If you mean “Can people honestly believe that the teachings of their creed are true, but that contradictory creeds are equally true,” the answer is no.
On the other hand, we’ve long since reached the point where most Americans are de facto Unitarians, even the ones who claim to be Christians. If you DON’T take your own faith all that seriously, then it’s easy to tell yourself, “All religions are pretty much the same, since all of them teach us to be nice to each other.”
There is only one Absolute. It’s a logical necessity - if you believe in a deity at all. We don’t need to discuss that here, but you can read Parmenides (you know the spelling).
This is the same Absolute that every religion worships, save the narrative.
I think more people are becoming open to the idea that their narrative is not true, when it tries to condemn billions of other people to damnation.
I think the mystical traditions of all faith are open to the idea that people of any faith can arrive at the Truth. Sufis, Hindus, and Jews.
Although, I am finding in my works, and I do a great deal of outreach for my religious community, that even Christians are beginning to accept other groups. I hope that’s not too vague.
I’m sorry-I thought we were talking about being more accepting of other religions. Instead, you seem to be talking about having all religions adapt the partial teachings of Parmenides. I say partial, because all we have of his writings is part of a single poem-160 lines out of a reported 3000.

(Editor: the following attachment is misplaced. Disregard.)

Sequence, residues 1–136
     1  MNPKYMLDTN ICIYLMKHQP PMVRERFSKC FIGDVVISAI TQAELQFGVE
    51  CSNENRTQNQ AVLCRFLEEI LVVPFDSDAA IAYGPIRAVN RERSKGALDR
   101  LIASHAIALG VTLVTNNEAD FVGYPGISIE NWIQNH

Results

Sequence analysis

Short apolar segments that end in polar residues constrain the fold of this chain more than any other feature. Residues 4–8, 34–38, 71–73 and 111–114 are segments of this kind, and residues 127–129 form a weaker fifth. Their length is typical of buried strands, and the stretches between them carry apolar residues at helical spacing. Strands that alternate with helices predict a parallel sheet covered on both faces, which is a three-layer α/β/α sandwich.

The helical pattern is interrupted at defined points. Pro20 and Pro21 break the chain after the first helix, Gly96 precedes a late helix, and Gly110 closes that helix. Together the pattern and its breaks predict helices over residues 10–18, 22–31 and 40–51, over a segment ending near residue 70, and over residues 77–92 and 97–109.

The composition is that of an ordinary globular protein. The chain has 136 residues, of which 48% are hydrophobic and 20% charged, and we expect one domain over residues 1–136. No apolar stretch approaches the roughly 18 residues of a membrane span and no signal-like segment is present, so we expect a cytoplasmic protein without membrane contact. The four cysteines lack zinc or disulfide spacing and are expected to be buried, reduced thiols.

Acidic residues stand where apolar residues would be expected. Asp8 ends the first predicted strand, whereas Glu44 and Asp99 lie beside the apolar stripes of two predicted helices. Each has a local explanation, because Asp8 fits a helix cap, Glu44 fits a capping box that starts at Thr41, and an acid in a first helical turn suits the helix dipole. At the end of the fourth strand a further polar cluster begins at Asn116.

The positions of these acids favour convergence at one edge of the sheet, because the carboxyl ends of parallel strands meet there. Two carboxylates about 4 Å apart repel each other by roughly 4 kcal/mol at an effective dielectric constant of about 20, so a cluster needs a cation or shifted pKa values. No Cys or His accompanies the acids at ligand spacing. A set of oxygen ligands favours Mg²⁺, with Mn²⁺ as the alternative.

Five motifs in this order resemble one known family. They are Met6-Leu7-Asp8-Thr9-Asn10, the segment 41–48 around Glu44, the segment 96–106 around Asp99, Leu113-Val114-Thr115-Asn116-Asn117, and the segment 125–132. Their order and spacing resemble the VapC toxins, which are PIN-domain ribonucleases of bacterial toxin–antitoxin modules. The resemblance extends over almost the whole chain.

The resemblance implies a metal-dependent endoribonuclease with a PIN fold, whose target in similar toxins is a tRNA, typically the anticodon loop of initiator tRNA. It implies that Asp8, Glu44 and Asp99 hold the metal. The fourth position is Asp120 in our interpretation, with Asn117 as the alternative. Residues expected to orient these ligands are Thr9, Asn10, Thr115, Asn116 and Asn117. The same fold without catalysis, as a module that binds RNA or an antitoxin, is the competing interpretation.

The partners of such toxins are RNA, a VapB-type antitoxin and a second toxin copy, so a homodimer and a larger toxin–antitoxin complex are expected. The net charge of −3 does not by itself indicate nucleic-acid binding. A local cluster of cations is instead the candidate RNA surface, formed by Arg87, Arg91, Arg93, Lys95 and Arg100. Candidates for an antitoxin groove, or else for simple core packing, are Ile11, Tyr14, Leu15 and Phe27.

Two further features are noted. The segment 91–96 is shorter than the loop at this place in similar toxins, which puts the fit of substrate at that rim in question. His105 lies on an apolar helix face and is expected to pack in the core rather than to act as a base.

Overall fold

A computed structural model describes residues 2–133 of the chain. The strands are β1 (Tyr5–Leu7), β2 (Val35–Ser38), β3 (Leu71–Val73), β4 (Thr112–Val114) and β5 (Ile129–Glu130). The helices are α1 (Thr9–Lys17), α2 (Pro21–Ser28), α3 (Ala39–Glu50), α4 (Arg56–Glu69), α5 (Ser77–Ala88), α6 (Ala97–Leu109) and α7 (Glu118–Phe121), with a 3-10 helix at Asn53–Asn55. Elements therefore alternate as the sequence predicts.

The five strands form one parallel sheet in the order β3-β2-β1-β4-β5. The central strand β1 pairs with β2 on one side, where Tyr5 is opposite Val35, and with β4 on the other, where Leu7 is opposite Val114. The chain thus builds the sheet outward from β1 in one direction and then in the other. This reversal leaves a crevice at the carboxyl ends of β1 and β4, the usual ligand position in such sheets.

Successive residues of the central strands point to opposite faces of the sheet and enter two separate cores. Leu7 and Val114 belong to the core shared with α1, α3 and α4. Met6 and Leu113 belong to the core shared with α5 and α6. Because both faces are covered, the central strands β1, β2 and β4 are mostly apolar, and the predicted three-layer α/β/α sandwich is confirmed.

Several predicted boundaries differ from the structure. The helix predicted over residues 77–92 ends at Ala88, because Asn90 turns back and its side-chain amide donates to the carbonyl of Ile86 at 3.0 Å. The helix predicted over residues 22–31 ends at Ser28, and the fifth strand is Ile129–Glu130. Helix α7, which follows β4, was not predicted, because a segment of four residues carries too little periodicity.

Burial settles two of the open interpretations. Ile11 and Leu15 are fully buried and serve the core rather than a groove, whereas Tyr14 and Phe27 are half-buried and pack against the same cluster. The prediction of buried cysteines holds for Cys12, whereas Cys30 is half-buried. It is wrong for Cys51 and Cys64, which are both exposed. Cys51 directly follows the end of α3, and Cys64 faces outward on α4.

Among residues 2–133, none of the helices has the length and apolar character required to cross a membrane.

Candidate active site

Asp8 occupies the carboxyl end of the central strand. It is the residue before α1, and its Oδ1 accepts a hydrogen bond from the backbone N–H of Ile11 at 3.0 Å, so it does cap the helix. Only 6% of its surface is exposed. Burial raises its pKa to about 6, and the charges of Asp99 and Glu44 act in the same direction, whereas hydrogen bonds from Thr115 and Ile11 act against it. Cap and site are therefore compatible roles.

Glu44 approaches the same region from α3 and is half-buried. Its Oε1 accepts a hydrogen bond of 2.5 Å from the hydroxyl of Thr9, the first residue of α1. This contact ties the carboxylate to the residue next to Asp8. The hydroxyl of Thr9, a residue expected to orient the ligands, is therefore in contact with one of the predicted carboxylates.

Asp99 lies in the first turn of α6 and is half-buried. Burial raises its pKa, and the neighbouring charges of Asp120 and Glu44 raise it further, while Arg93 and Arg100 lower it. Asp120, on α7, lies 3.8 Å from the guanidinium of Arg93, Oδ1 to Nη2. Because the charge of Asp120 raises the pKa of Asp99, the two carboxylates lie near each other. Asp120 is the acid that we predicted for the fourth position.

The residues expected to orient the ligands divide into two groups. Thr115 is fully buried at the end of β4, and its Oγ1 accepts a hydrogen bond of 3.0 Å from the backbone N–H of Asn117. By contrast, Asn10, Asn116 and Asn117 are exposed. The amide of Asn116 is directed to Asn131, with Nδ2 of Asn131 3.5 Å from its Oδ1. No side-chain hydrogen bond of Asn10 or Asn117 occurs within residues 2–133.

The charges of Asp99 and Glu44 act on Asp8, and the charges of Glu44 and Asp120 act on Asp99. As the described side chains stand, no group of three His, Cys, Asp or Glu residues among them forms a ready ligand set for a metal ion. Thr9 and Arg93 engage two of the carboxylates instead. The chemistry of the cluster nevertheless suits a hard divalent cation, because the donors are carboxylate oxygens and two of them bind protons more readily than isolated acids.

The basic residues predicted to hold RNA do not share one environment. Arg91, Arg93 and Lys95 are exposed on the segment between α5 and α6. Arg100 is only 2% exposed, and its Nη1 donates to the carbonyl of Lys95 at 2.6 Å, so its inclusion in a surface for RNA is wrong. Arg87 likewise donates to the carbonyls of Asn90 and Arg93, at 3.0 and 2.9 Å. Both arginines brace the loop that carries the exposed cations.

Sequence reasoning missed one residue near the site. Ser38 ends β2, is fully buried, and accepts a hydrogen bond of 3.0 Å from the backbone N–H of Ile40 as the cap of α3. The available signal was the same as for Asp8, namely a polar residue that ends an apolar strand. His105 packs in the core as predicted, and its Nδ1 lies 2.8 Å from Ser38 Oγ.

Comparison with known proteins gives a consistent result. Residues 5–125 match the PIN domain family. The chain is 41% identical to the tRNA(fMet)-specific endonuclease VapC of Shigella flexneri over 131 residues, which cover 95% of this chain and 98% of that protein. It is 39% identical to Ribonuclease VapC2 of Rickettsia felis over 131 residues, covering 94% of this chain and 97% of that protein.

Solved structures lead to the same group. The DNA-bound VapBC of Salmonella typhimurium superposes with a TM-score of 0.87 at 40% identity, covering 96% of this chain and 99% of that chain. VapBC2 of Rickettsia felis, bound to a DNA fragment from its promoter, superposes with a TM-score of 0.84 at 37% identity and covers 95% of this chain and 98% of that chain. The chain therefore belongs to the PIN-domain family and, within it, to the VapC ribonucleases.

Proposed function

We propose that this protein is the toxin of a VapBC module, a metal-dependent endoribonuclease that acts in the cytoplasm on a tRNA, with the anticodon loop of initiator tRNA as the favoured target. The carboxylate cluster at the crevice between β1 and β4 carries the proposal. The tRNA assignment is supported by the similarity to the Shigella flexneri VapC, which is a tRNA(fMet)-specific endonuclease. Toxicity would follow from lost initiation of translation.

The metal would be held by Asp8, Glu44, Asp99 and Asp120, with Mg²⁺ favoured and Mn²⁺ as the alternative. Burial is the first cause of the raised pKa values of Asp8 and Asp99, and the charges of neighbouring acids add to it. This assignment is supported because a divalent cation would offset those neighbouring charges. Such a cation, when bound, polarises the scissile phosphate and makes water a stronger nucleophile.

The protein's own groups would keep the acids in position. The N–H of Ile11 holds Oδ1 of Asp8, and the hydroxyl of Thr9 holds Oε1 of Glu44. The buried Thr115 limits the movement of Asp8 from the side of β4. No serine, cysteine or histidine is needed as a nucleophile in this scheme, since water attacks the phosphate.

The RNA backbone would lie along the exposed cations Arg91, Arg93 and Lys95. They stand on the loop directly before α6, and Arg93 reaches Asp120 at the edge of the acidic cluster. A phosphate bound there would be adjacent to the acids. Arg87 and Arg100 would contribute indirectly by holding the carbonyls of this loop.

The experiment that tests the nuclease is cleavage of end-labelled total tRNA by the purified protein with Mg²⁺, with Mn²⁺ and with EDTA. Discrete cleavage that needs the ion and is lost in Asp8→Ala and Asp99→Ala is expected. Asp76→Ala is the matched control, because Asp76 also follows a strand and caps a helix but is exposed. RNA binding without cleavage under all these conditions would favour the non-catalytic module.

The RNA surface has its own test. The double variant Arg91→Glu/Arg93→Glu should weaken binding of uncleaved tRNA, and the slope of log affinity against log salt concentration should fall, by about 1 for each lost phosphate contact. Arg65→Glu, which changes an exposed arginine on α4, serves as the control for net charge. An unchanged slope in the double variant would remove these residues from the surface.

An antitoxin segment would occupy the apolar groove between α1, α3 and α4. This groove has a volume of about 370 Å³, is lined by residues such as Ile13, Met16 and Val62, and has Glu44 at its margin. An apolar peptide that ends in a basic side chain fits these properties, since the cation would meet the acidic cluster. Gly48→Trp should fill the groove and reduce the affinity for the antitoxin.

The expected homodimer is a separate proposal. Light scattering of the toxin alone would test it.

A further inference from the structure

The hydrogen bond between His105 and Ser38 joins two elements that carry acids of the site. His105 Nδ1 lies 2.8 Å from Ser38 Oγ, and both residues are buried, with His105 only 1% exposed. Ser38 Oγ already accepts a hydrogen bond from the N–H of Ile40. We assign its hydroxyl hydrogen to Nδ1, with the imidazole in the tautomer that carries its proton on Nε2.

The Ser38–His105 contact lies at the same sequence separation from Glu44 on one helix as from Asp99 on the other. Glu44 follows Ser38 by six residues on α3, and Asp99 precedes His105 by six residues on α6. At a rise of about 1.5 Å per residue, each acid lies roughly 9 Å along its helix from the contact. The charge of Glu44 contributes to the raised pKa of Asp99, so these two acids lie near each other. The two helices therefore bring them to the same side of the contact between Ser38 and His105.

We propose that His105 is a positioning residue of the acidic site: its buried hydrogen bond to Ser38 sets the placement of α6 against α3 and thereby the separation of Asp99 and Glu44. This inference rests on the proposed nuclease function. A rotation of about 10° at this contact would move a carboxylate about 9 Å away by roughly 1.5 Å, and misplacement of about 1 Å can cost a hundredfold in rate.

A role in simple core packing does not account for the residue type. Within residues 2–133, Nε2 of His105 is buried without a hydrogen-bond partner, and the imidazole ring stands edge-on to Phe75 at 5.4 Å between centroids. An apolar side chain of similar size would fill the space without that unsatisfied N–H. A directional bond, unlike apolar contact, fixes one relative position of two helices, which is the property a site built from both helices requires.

One of the things I’ve gradually come to accept, with a lot of reluctance and even more irritation, is that people are always going to find things to fight over. People define their beliefs in part by what they don’t believe in, which means they feel the need to fight with other people with the wrong opinions. Maybe average people are becoming more pluralistic- I’d like to think so. On the other hand that may mean the remaining portion of conservative believers becomes more and more hardcore.
There were several examples in the last couple of years where Europeans were pushing back on Muslim communities. One example that comes to mind is the Swiss bans on minarets. That’s probably examples of the old guard, as you put it, for both Muslims and Christians.
Do you think that it’s maybe the lack of education or exposure that leads people to react with fundamentalism? Could education and exposure then overcome those obstacles?
Well, I don’t think people could accept each other, without at least agreeing on some level.
I bring Parmenides into this because he describes the Absolute in a way that I’ve seen God defined in all major religions. I think that concept of God, together with the good values (brotherhood, unity, charity, etc.) that all religious groups support can be those core values that can lead to acceptance of other religious organizations.
Do you see that as a possibility?